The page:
There are very few people in the industrial world who have not had some experience with lithium ion battery technology. Lithium ion batteries power almost all modern electronic calculators, electronic watches and cell phones. The advent of rechargeable lithium ion technology in the early 1990s led to such widespread acceptance of the technology that in Japan in 2011, two-thirds of all portable secondary battery sales were lithiums.
Lithium technology has a number of properties that make these rechargeable batteries so attractive. Most important—especially for those used in cell phones—is that they don’t acquire a memory. They can therefore be recharged from any state of charge without adversely affecting their capacity. The second helpful feature is that lithium ion batteries can be recharged very rapidly. A NiCad battery that used to power early cell phones took almost four hours to charge. The Lithium ion battery that charges a new similar cell phone takes about 45 minutes and lasts almost three times longer.
Lithium ion batteries have been making their way into the marine market due to the features noted above for the smaller batteries. In addition, two other lithium battery features are finding great favor with boat owners.
The first is a relatively light weight. Lithium is one of the lightest elements in the periodic table that is not a gas. It floats on water, and a cubic foot of it weighs 62.4 pounds. By comparison, a cubic foot of lead tips the scales at about 710 pounds. A lithium-based battery of about 61 pounds will have approximately the same capacity as a lead-based battery of 168 pounds. This gives marine designers, builders and decorators much more flexibility.
The other feature mariners like about lithium technology is the fact that the batteries can be charged very rapidly without adverse effect. One builder of aluminum yachts reports that the lithium house battery system he installs requires only one hour of generator time a day to keep the house bank fully charged, compared with four hours for the more traditional lead-based house system he used to install.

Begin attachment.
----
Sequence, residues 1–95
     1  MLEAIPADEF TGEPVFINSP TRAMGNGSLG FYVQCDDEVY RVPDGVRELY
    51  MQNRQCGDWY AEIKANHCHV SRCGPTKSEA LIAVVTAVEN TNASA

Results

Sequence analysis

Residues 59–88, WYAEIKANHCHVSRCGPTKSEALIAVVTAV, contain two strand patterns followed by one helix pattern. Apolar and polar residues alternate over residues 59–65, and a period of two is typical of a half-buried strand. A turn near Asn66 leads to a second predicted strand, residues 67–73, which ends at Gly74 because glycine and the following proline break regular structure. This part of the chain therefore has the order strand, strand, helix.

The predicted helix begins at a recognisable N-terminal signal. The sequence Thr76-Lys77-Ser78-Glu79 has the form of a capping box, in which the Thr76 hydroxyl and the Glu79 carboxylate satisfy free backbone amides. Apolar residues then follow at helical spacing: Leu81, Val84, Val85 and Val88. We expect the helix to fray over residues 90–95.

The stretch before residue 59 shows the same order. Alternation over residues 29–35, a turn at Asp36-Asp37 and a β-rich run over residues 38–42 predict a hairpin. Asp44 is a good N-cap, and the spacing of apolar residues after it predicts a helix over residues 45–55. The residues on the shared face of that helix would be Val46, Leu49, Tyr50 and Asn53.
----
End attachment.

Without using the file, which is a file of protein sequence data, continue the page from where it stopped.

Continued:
The improvements in lithium technology in the past two years have led to the development of a couple of all-electric outboards. Torqeedo has produced an 80-hp unit and a Canadian boat builder, Campion of Kelowna, B.C., has produced a 180-hp all-electric outboard—currently the most powerful in the world. More manufacturers have plans to produce all-electric outboards. This year, in fact, a megayacht builder announced the development of a 12-passenger shore boat for running guests from the anchored megayacht to shore—at 45 knots powered by a pair of 300-hp all-electric outboards.
With the advent of all-electric outboards of meaningful horsepower—as opposed to trolling motors—and the success of the Tesla all-electric sports car, lithium battery manufacturers have had to step up their game considerably, not only with respect to the amount of power that can be stored but also with respect to their battery management systems (BMS). In the short two years since Campion’s 180-hp—which required thousands of small cells to be hand “assembled” to produce the 400 VDC required to power the unit—the company’s Florida consultant began manufacturing in China an 88-pound, 51-volt battery that stores 7 kilowatts of power. The internal battery cells are fitted into in an almost traditional looking, dust-proof and water-resistant case. Each battery has its own battery management system on board and is about 26″x11″x7″.
These types of batteries are still relatively expensive, but major development in the electric car field may soon start to flow into the marine field. In Europe, Renault produces an all-electric car that is sold without the battery pack. Packs are leased to car buyers for the equivalent of $100 per month. Gas costs the buyer almost $300 per month, whereas the cost of battery lease and charging is about $110 per month, and if there’s a battery problem the builder supplies a new one at no cost. This battery lease/rental business model is now being examined by businesses in the marine field.
There will be continued development in battery technology, but these batteries have now reached the point where they are viable for many uses.They are still a bit pricey, but when one considers they have about three times the life of regular lead-based batteries the cost over time is not that much more.
By Roger McAfee, Southern Boating September 2014